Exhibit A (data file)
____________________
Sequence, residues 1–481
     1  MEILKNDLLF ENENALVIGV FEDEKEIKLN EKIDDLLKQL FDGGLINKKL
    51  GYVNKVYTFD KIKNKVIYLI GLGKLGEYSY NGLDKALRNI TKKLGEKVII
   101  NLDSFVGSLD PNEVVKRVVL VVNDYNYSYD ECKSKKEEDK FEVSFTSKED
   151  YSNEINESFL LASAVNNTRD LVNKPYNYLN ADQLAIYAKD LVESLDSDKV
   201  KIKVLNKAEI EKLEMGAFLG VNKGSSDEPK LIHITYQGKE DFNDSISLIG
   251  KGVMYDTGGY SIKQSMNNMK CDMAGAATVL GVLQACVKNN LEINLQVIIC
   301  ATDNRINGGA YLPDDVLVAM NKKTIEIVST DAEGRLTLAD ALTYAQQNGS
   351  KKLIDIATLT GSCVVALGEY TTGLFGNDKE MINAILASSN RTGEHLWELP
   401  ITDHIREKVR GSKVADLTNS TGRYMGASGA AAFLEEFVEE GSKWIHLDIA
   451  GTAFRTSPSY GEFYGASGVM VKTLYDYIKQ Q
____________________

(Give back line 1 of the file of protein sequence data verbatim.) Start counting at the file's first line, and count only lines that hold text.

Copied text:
Sequence, residues 1–481